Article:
If you’re not in the area, take heart: contact info on the horses will be released the day of the showcase to accommodate out-of-state buyers while still being fair to those traveling to the event.

Here’s a sneak preview (for larger photos, video links and more information on each more, have a look at the preview):

The event takes place Saturday, Oct. 1 from 9 a.m. to 1 p.m. at Presque Isle Downs & Casino (8199 Perry Hwy, Erie, Pennsylvania 16509). For more info email [email protected] and check in with the event’s Facebook page for all the latest updates.

‘What’s in Your Ring?’ with Leah Snowden

“What’s in your ring?” is a new EN series in which riders share their favorite jumping exercises. It’s easy to get stuck in a training rut, and we hope this will inspire you with fresh ideas that you can take home and incorporate into your own programs.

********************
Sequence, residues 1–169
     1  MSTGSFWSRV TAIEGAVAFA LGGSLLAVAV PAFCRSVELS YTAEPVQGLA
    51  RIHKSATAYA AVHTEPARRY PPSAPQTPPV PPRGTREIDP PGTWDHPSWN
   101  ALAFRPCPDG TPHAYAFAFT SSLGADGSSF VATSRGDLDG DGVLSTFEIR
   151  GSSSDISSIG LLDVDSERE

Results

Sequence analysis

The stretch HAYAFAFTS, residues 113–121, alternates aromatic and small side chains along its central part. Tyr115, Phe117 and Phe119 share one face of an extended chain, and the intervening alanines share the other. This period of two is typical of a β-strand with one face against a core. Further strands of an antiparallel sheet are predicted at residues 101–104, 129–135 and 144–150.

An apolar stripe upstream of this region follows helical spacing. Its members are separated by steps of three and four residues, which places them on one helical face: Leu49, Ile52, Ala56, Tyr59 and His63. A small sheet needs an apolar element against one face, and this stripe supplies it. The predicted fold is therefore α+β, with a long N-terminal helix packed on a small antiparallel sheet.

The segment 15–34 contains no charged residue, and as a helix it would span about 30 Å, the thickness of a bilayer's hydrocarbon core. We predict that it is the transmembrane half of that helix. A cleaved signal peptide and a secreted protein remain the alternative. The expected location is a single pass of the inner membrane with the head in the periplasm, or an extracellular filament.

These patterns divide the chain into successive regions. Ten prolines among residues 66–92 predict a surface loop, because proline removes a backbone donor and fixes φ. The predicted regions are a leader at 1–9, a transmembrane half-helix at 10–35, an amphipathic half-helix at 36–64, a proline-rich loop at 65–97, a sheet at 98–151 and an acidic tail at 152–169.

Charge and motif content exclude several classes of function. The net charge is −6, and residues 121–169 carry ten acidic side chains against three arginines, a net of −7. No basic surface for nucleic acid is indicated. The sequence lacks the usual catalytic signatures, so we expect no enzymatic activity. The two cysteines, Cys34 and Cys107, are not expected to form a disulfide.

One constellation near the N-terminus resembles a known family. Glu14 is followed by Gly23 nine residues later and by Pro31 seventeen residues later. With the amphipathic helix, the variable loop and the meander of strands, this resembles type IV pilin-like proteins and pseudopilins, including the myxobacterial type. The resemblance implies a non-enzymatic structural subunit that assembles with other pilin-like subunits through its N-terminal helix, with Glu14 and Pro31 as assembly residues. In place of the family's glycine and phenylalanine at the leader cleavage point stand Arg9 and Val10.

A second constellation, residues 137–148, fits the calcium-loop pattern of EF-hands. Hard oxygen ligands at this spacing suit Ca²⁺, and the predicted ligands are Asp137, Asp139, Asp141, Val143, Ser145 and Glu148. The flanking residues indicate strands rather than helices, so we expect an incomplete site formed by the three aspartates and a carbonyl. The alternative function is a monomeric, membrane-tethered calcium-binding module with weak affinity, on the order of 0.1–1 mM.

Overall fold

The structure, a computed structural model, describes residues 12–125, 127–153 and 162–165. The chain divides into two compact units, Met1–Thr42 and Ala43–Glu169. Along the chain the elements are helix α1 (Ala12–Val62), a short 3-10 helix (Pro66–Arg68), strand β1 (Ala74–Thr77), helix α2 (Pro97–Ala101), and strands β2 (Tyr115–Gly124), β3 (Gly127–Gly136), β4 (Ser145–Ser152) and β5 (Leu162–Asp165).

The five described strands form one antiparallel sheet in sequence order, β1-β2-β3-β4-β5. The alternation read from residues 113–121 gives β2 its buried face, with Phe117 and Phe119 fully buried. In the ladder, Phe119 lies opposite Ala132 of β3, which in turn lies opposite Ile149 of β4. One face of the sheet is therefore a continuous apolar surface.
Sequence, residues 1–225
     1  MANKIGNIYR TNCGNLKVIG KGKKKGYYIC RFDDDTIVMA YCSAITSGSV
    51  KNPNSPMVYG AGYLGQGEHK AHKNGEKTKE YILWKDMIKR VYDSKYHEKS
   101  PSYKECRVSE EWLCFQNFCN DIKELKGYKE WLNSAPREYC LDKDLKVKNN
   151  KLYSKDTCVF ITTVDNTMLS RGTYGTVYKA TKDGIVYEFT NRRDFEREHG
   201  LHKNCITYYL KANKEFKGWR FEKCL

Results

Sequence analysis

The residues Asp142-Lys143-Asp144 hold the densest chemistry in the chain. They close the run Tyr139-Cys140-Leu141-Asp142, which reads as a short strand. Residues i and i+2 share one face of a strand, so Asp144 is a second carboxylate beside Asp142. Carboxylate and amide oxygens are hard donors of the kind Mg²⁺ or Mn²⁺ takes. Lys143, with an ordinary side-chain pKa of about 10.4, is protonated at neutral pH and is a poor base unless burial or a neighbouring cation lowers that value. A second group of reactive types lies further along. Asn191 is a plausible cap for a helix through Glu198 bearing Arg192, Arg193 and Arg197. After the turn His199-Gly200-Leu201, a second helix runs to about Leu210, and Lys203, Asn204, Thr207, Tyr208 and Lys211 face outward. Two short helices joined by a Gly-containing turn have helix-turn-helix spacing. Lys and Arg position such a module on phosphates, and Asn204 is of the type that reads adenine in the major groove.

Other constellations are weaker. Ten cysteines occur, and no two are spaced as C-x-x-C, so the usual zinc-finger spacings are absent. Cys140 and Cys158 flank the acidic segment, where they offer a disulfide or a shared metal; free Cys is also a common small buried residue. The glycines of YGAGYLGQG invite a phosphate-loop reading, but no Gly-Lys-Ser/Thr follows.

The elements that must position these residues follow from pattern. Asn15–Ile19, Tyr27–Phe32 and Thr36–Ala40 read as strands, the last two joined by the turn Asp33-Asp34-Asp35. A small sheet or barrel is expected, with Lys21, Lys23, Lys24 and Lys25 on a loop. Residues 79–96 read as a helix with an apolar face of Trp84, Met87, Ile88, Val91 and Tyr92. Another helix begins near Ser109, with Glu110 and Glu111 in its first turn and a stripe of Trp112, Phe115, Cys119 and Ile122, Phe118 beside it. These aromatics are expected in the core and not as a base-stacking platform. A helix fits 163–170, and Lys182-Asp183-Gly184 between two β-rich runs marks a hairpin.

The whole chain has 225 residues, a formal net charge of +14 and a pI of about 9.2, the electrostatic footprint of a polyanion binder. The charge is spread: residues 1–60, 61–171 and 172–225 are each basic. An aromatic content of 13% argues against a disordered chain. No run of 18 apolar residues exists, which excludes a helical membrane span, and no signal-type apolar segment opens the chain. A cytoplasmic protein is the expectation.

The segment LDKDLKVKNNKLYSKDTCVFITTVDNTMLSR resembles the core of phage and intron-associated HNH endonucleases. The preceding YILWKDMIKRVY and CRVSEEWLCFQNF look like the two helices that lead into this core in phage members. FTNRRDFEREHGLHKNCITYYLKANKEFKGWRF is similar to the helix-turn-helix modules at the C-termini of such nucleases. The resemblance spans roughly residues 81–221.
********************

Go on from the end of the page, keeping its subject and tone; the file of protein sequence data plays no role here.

Leah Snowden and Ormolu. Photo by Vics Pics.

Leah Snowden and Ormolu. Photo by Vics Pics.

It’s easy to spot Leah Snowden on a cross country course in her signature pink gear. I’m always envious of this Kentucky gal’s get-up and impressed by her riding — she brought both her Prelim horse, Ormolu, and her Intermediate horse, Ivy League, up the levels herself and has had success with them both.

Most recently Leah won the Open Prelim division at Flying Cross Farm earlier this month on Ormolu. “Lou Lou” is a Selle Francais by Baloubet Du Rouet out of a Dutch Grand Prix show jumper named Charmed.

In addition to eventing — their fall plan is to do Jumpstart H.T. and Hagyard Midsouth H.T. then a one-star — the pair has been moonlighting in the show jumping ring, where they’ve been quite prone to winning!